§ Sir Peter Emery (East Devon)
On a point of order, Mr. Deputy Speaker. I shall get it right this time. I raise what I consider to be a most serious matter affecting a Select Committee of the House and the House as a whole. I ask that you report my remarks to Madam Speaker and ask whether she will look into the matter.
A Committee's papers are very much held by it and are not published until it decides that they should be. Today, a letter to the Chairman of the Select Committee on Foreign Affairs was referred to on the Floor of the House, not only before the Committee had knowledge of it, but before the Chairman had received it or even knew about it. That most unusual situation was made more unusual by the fact that a copy was in the hands of the BBC at No. 4 Millbank. In addition, one learned at the BBC that a communication made by the Minister of State about the matter, of which no member of the Committee and no hon. Member knew anything, had also been sent to the BBC.
This is a serious matter, because it affects the reputation of a Minister of State and evidence that was given to the Select Committee on Foreign Affairs this morning, which is partially but not entirely contradicted by the letter of Sir John Kerr. Will you, Mr. Deputy Speaker, please ask Madam Speaker whether she will look into the matter? The way to clarify the situation, as has been suggested, is to produce the briefing given by the Foreign Office to the Minister in question.
I realise that this is partially a Committee matter, but it is serious: it affects the House because the breach took place on the Floor of the House. Madam Speaker should look into it.
§ Sir Patrick Cormack (South Staffordshire)
Further to that point of order, Mr. Deputy Speaker. In answer to me at business questions, the Leader of the House referred to the letter in a manner that implied that I might have seen it. She said that she did not know whether I had seen it. I would not for a minute accuse the Leader of the House of saying or doing anything improper, but I could not have seen the letter, unless I was a BBC employee perhaps.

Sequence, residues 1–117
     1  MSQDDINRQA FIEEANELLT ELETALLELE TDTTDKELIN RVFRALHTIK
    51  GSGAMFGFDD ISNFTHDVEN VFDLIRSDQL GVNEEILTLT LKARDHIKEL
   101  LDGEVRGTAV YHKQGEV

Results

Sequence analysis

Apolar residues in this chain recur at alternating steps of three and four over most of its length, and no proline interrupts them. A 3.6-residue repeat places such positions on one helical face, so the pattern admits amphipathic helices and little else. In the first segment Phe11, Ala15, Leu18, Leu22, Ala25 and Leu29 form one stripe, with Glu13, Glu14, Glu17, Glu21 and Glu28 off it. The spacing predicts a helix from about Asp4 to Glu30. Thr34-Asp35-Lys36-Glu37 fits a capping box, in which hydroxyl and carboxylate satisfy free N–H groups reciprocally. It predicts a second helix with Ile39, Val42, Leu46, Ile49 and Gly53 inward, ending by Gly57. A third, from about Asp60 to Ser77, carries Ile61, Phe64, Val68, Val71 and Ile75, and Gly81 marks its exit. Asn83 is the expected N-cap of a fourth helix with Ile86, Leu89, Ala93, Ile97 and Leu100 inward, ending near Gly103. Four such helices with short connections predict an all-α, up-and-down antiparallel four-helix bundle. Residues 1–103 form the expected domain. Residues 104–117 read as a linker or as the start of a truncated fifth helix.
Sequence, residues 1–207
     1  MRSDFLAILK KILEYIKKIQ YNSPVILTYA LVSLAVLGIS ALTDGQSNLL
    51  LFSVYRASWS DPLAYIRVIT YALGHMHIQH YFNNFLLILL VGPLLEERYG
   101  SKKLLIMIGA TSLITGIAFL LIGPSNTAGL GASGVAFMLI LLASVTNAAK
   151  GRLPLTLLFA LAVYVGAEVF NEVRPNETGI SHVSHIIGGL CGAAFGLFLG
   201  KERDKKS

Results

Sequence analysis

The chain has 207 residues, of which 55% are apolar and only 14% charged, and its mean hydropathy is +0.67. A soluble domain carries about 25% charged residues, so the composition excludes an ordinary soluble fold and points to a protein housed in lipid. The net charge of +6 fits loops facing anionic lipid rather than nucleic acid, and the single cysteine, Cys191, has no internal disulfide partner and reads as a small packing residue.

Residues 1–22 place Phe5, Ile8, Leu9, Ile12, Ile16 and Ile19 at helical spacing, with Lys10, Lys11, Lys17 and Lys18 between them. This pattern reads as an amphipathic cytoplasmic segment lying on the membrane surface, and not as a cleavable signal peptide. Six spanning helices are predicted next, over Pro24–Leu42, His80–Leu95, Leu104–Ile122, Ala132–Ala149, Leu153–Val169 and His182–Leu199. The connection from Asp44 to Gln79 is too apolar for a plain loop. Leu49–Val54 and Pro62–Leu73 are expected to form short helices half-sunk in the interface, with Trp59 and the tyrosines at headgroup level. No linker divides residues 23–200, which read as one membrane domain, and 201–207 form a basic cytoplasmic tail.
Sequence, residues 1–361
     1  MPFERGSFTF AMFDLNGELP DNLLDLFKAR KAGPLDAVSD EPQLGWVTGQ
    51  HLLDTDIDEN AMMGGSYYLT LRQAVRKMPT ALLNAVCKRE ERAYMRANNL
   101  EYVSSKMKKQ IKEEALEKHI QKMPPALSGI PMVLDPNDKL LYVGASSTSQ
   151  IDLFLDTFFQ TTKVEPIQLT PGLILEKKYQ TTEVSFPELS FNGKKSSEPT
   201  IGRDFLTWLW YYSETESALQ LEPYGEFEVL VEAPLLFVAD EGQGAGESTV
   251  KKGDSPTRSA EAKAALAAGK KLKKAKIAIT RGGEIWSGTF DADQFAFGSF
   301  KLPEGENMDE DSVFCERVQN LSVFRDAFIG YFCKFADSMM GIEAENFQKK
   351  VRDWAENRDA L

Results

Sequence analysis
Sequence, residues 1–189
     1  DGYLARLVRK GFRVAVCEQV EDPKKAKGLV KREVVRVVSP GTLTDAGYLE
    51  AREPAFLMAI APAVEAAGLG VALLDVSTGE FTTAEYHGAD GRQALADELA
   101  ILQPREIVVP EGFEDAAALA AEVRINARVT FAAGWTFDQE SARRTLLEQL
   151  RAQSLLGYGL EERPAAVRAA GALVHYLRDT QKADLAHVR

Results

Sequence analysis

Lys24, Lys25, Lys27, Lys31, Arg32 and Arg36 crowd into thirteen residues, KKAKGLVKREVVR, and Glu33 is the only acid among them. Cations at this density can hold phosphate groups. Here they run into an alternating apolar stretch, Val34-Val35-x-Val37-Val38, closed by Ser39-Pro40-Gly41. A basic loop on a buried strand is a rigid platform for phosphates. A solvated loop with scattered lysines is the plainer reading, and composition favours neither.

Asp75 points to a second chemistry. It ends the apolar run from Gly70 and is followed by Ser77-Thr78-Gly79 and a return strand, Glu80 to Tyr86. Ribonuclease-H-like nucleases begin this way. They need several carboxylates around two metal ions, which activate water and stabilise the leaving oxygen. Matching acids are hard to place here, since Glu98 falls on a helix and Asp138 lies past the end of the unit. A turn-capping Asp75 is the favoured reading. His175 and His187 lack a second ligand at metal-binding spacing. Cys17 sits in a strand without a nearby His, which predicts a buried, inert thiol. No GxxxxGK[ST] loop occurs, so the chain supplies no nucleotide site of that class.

This is most unfortunate, and I should be most grateful if you, Mr. Deputy Speaker, reported the circumstances to Madam Speaker and asked her to consider the tone and content of the letter. It refers to Sir John Kerr checking his memory. One would have hoped that he would have done that before appearing.
§ Mr. Deputy Speaker (Sir Alan Haselhurst)
Order. The hon. Gentleman is straying far from anything that is the responsibility of Madam Speaker.
I shall reply to the point of order from the right hon. Member for East Devon (Sir P. Emery), who, in essence, supplied the answer to the point of order made by the hon. Member for South Staffordshire (Sir P. Cormack), although I allowed the hon. Gentleman fully to state it for the record. The communication was to the Chairman of the Select Committee on Foreign Affairs, so it is for the Chairman and the Select Committee to determine what should happen to the document. Any other reference to that is not a matter for the Chair; a reference by any other 565 right hon. Member or hon. Member is a matter for debate and question in the House. If I opine correctly about the subject matter, there is to be a debate on it on Monday.
§ Sir Peter Emery
Further to my point of order, Mr. Deputy Speaker. Of course you were right about the powers of the Committee—no one would challenge that—but my point is that the Committee has not had the opportunity to make any decision.
§ Mr. Deputy Speaker
Order. The right hon. Gentleman, who is a member of the Select Committee on Foreign Affairs, must know, with proper regard to its rights, that he must next raise the matter in that forum. It cannot be for me to deal with from the Chair.
§ Mr. Eric Forth (Bromley and Chislehurst)
Further to that point of order, Mr. Deputy Speaker. The point that came up this afternoon was different: the Leader of the House was purporting to offer in evidence a letter, without giving the House the opportunity to see it.
§ Mr. Deputy Speaker
Order. I have dealt with that point. Anything that is raised by a right hon. or hon. Member is a matter for debate and question in the House, not a point of order for the Chair.
§ Sir Patrick Cormack
I am extremely grateful for what you have said, Mr. Deputy Speaker, but I merely ask whether you would be kind enough to refer the exchanges to Madam Speaker.
§ Mr. Deputy Speaker
I have ruled that both the points that I have identified are not matters for the Chair and therefore, by definition, not matters for Madam Speaker. They are, however, on the record for everyone to read.